US Army Corps of Engineers
U.S. Army Engineering and Support Center

Utility rate intervention can save Army installations money

Huntsville Center Public Affairs Office
Published July 1, 2013
Huntsville Center’s Commercial Utilities Program provides services for the oversite of utilities consumed at garrisons and other land-holding facilities.

Huntsville Center’s Commercial Utilities Program provides services for the oversite of utilities consumed at garrisons and other land-holding facilities.

Wouldn’t it be great if there was someone you could call if the utility company was trying to raise the cost for energy? If you’re an Army garrison, there is.

The U.S. Army Engineering and Support Center, Huntsville’s Commercial Utilities Program (CUP) is staffed with two public utility specialists who can provide a utility rate intervention and help negotiate a lower utility cost for you.

“In 2012, the Army paid approximately $1.3 billion for utilities consumed at garrisons and other land-holding facilities, Army wide,” said Bernard Givan, the assistant deputy Army power procurement officer. “The Commercial Utilities Program could save the Army millions per year.”

CUP can assist and ensure installations are paying the best utility rates and review utility bills to ensure that utility companies are charging properly, installations are being reimbursed by tenant organizations, taking advantage demand side management options, maximizing peak reductions, etc.

CUP provides the following services and benefits to installations:

1. Utility Rate Intervention – CUP provides technical support to U.S. Army Legal Services and manages utility consultants that provide expert witness testimony before utility regulatory bodies in opposition to rate increase petitions filed by regulated utility companies. CUP can negotiate with unregulated utilities for the best rates available to the installation. The benefits are significant cost avoidance and savings that can be as great as $7 - $8 million annually Army wide.

2. Installation Utility Management Evaluations – CUP assists and trains installation personnel to review utility billings to ensure billings are accurate, use the appropriate rate, exclude taxes for which the Army is exempt and includes any credits, e.g., for power outages. CUP also assists and trains installation personnel to calculate fair and equitable rates for utility consumption by reimbursable tenants. These benefits include tangible savings, cost avoidance and increased funding from non-Army tenants.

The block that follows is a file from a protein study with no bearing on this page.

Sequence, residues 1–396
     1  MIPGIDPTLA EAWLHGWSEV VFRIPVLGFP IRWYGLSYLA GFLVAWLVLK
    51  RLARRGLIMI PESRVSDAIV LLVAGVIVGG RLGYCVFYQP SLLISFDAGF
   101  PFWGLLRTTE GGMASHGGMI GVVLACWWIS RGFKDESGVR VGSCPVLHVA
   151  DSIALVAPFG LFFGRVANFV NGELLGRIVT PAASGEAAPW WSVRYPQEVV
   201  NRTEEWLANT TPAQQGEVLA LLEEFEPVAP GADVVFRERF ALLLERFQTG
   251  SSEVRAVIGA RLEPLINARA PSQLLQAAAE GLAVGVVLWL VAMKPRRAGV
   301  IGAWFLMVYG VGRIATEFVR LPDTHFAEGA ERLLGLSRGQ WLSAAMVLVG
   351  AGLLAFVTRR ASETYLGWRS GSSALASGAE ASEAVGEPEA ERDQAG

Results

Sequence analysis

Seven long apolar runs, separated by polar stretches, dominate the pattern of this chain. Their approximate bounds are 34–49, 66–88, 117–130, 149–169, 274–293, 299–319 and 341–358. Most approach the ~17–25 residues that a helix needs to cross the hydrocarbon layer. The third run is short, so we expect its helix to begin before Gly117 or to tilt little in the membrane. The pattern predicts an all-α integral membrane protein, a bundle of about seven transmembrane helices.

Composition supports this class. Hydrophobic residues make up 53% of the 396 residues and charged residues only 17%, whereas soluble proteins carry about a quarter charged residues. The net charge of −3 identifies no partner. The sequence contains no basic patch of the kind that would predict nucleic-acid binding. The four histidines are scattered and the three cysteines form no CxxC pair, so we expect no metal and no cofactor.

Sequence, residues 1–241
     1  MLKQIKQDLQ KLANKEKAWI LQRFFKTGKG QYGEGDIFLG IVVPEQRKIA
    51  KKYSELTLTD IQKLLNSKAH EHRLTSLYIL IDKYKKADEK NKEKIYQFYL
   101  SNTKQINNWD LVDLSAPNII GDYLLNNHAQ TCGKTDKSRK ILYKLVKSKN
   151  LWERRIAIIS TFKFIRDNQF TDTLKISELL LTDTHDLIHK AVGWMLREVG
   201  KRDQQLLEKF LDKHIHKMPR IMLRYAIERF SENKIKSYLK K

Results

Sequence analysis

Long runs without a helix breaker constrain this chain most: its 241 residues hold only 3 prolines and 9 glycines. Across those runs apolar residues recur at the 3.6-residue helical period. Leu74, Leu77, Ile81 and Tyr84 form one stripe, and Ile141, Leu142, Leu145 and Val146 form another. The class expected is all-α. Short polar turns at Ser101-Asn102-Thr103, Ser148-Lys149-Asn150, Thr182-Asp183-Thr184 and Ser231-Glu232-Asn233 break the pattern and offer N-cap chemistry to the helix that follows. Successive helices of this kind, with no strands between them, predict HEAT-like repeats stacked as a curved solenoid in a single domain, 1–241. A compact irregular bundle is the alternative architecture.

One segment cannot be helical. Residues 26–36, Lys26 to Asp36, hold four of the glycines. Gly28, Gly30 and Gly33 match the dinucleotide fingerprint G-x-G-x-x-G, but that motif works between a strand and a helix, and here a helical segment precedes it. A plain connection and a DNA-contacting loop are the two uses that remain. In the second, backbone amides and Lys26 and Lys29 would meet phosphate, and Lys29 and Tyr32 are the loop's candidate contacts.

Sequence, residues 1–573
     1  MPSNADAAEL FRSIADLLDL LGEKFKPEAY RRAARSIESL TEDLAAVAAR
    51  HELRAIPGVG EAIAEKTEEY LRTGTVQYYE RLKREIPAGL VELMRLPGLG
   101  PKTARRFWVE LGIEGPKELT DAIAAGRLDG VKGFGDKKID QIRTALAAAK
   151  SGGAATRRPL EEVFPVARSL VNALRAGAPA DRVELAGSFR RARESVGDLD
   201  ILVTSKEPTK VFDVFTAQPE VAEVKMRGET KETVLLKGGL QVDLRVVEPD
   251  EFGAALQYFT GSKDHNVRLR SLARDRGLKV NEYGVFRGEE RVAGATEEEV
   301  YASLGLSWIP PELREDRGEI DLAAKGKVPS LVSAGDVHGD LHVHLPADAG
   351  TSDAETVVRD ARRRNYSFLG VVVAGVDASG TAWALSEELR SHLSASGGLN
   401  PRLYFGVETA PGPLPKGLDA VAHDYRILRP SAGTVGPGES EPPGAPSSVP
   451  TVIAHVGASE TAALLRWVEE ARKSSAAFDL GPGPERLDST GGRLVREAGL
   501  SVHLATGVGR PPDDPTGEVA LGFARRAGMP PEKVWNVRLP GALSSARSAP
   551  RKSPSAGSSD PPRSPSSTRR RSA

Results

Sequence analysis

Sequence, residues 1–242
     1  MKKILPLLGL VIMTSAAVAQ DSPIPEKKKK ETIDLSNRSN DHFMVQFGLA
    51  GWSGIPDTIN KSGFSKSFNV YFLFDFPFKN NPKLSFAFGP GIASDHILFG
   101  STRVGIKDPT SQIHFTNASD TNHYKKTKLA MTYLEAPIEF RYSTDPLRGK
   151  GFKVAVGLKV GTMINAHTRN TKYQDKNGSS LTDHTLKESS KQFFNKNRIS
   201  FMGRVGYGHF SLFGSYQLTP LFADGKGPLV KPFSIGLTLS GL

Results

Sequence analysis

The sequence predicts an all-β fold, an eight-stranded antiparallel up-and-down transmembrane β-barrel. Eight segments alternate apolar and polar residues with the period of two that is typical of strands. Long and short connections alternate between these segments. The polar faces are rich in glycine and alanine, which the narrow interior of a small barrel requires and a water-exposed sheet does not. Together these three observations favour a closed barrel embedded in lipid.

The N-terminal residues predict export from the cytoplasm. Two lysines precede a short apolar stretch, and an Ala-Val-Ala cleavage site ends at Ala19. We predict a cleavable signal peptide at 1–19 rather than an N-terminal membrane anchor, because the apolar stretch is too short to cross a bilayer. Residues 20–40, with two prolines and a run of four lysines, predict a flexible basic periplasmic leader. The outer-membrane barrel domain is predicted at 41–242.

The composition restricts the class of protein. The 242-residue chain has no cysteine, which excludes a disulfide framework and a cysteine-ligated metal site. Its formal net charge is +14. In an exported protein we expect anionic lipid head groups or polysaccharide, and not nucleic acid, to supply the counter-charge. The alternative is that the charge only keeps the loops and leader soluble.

3. Utility Rate Surveys – CUP verifies that an installation is receiving benefit of the lowest rate offered by a utility company and if not, recommends steps to be taken to obtain the lowest rate offered; identify other potential utility cost savings associated with improved peak demand reduction and load management, e.g., upgrading substations to accept higher voltage service offered for a lower utility rate, etc. Utility rate surveys contribute significantly to the success of rate intervention and installation utility management evaluations and potential benefits are identified.

4. Negotiate Special Rate Contracts – The Installation Management Reform Task Force recently recommended that the Army convert its utility contracts that are now tariff based (existing rate schedule) to special rate contracts. CUP can negotiate a special rate design with the utility company whereby if the installation aggressively manages its energy demand to reduce the utility’s cost of supplying energy then in return can receive the special rate from the utility.

The chief of engineers is the Department of the Army’s power procurement officer and is responsible for administration of the purchase and sale of utility services and for policies, engineering, rates and legal sufficiency in connection with all utility services and contracts in which the Army has a monetary interest.

Unlike other initiatives, CUP doesn’t reduce energy usage, but reduces the overall cost for energy. CUP and the Army Regulatory Law Office have helped the Army achieve cost avoidance in excess of $5 million per year
since FY09, Givan said.

FY12 examples of successful interventions include Fort Riley, Kansas and Fort Leavenworth, Kansas where the utility requested a $650,000 increase in annual revenue. The final decision/settlement was $150,000 which provided an annual cost avoidance of $500,000. Also in FY12, the electric utility servicing Fort Knox, Ky., and Blue Grass Army Depot, Ky., requested an increase of $810,000 per year. The final settlement was $540,000 resulting in an annual cost avoidance of $270,000.

“CUP is a proven dollar saver, which is very important in these times of sequestration,” Givan said. “The annual savings far exceed the cost for running the program. An estimated annual cost of $2 million to proactively run the program has projected savings of between $12 and $24 million per year.”